Arab theatre faces increased challenges in reaching the public

Egyptian playwright Sherif Saleh said theatre “is going through the same survival experiences as other traditional media, such as film, television and radio.”
Saturday 31/08/2019
Art with a message. A scene from “King Lear” shows actor Yehya el-Fakharany (C) performing on stage.(Al Arab)
Art with a message. A scene from “King Lear” shows actor Yehya el-Fakharany (C) performing on stage.(Al Arab)

CAIRO - As a distinguished novelist, playwright, critic and academic, Egyptian intellectual Sherif Saleh has a profound and multifaceted relationship with artistic creation.

Saleh, in an interview with The Arab Weekly, spoke of his experience as a creative artist and critic, especially in the theatre, about contemporary Arab theatre, the relationship of theatre with freedom and democracy, the general climate and the future of theatre with experiments by young artists.

Saleh gave special importance to the arts and literature. He said he sees them as beacons of hope for humanity despite the domination of modern media and commercial work. He said he believes it is important to salvage Arab theatre from its intractable and demoralising problems — in bureaucracy and censorship — that led to the near-death of the theatrical movement and to its elitism and isolation.

Saleh’s plays have been performed in Kuwait, where he was awarded the prize as best playwright by Kuwait’s Theatre Days Festival. His work also earned an award in Sharjah.

Saleh said the “the real dilemma lies in playwriting. Also, live performances have become so rare, almost secret because almost no one is paying attention to theatre performances any more since social media has dominated the scene, redefined the traditional performance media and integrated them into different tracks.”

“Theatre has long been at the forefront of the media that raised awareness and nourished dreams of change and reintroduced concepts such as freedom, human dignity and justice,” Saleh said, “but it is no longer alone in the field of influence and communication and it is going through the same survival experiences as other traditional media, such as film, television and radio.”

Saleh explained that “any YouTuber today can act out a sketch in front of his phone’s camera and broadcast it live on Facebook and followers can see it instantaneously.

“It is also not far-fetched that, very soon spectators in Egypt and the Gulf will be able to watch live through holographic technology a show on Broadway.”

Social media have not only replaced traditional arts in attracting and influencing the wider public, they have also redefined and radically changed the arts. Saleh said he rejected the notion that theatre would become extinct but added he believes it will undergo a significant transformation under the influence of the digital revolution.

It is also likely that it will benefit from fast-evolving technology in developing its tools and in its ability to reach a wider audience, whether on social media platforms, out on the street or via smartphones, he said.

Saleh said there is a gap between the theatre and its audience, pointing to the existence of two types of theatre. One is a relatively popular commercial theatre that is widespread. Examples include performances in Egypt by Masrah Misr and in Kuwait by Tariq Ali. It is aimed at generating a profit and entertaining the audience.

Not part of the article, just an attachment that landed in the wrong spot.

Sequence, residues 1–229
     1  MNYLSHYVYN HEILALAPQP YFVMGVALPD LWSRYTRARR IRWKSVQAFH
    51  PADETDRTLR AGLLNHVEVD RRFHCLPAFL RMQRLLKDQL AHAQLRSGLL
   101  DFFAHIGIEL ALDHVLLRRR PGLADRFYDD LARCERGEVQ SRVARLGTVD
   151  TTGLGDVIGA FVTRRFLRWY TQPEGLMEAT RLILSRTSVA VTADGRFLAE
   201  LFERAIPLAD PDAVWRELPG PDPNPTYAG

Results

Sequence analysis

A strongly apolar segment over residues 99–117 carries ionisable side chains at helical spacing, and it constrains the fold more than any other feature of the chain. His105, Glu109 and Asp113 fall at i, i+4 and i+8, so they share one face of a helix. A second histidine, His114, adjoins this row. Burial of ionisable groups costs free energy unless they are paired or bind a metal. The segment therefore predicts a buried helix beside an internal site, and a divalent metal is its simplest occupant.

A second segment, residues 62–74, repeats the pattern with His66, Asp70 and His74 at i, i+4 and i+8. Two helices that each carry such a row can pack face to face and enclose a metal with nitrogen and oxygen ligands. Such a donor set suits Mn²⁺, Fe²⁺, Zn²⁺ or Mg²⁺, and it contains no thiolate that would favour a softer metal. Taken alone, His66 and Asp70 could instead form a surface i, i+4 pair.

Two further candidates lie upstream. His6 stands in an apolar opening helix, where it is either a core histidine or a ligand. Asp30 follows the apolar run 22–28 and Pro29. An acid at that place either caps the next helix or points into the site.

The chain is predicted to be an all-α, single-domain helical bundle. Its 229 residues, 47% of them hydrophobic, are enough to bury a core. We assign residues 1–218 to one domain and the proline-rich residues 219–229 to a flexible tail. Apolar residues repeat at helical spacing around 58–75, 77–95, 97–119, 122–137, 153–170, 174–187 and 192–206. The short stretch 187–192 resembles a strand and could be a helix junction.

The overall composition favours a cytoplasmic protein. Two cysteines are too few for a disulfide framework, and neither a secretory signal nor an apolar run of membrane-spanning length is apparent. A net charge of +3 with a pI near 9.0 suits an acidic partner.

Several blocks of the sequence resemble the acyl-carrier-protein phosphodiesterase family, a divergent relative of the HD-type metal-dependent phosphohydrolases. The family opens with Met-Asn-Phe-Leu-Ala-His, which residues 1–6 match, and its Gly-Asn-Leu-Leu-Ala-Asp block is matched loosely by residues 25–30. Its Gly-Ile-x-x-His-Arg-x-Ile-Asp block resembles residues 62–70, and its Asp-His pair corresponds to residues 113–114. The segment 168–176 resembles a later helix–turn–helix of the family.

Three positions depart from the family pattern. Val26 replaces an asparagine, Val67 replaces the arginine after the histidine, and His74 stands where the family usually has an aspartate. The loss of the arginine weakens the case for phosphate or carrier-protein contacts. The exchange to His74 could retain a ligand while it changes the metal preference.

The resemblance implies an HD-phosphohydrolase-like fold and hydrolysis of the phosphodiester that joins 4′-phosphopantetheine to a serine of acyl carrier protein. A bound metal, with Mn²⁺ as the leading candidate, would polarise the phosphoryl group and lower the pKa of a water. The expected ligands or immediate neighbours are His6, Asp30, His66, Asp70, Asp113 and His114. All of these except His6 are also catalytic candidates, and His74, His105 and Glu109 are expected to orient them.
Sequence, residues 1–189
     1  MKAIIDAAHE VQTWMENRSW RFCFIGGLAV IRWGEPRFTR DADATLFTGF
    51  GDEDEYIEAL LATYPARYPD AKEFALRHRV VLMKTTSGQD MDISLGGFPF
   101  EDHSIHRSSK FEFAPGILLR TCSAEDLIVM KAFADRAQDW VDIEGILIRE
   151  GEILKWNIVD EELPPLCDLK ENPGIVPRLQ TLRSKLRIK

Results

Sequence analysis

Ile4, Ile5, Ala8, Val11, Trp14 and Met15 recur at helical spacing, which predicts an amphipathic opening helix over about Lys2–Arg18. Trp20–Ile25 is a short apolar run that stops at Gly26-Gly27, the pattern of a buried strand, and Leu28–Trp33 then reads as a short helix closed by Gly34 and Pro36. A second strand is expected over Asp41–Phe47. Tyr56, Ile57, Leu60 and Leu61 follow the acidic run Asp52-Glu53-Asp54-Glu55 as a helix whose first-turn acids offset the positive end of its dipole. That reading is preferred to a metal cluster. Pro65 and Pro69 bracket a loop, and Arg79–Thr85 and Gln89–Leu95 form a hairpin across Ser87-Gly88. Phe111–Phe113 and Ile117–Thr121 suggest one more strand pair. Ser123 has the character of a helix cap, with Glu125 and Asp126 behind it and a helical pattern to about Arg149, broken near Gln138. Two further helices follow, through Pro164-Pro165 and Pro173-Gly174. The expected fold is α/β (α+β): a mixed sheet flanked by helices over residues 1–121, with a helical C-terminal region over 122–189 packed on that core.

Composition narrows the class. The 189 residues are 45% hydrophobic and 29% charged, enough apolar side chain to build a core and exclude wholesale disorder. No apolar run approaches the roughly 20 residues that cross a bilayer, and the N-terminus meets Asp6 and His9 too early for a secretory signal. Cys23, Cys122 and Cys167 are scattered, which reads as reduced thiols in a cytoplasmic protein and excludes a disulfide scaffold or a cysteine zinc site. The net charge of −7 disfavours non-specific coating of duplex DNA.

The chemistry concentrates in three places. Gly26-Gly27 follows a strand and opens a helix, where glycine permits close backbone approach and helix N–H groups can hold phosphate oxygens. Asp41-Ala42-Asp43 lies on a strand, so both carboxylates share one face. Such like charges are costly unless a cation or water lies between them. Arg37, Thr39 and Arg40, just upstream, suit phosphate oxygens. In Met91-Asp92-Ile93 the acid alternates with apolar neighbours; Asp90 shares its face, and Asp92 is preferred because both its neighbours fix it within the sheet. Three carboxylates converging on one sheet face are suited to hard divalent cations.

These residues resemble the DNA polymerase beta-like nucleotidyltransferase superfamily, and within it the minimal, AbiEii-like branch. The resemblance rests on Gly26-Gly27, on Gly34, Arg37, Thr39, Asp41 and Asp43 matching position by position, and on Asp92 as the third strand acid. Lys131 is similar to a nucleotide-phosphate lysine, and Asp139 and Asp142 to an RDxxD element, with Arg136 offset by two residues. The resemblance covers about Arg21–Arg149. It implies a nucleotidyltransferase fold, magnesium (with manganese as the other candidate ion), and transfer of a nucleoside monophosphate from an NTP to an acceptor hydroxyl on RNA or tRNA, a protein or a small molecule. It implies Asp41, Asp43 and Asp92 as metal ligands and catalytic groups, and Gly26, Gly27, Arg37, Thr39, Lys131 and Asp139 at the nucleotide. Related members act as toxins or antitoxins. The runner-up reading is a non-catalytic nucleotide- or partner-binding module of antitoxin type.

The other type of theatre is confined to elite audiences that attend performances during theatre festivals. The festivals have become “intensive care rooms to keep Arab theatre alive,” Saleh said.

Another aspect to the theatre crisis in the Arab world is the negative effect of the bureaucracy and strict Arab censorship causing theatre to become isolated and separated from its audiences, he added.

The theatre is the art of the “here and now,” the art of direct live interaction, and is, therefore, the most democratic and free form of art, he said. This is why it is constantly harassed and considered dangerous.

Saleh explained that his stay in Kuwait allowed him to watch performances of plays from various Arab countries that included many experiments worthy of consideration.

“I don’t want to sound pessimistic,” he quickly added, “but, in my assessment, the era when the theatre was the number one entertainment medium is forever gone.”

The playwright pointed out that the lights of the theatres at Emad Eddin in Cairo were extinguished long ago and Egypt’s National Theatre is but a shadow of what it was in the 1950s and ‘60s.

Still, Saleh said: “There are, nevertheless, from time to time remarkable works shown, such as ‘King Lear’ by Yehya el-Fakharany and some very advanced experiments by young artists. It is in the hands of the new generation that hope and the possibility of renewal and overcoming the crisis reside.”

Another problem limiting the growth of Arab theatre is the fluctuation between classical and colloquial Arabic. The latter gives important creative characteristics to every piece of work but becomes risky when the work is taken to an audience outside the boundaries of the local dialect. Egyptian audiences, for example, may find it difficult to understand and react to performances from Morocco or Sudan, while the problem may not exist with performances from the Palestinian Territories or Syria.

Saleh said he has no idea about how to solve that problem. He is definitely a proponent of the vernacular in the theatre because it expresses very precisely one’s identity and cultural specificities but he also realises that it may become a barrier to communication.

“The solution may require bringing the language of the performances to the level of simplified standard Arabic or to give body language a bigger role than the dialogue so that the spectator can understand,” he said.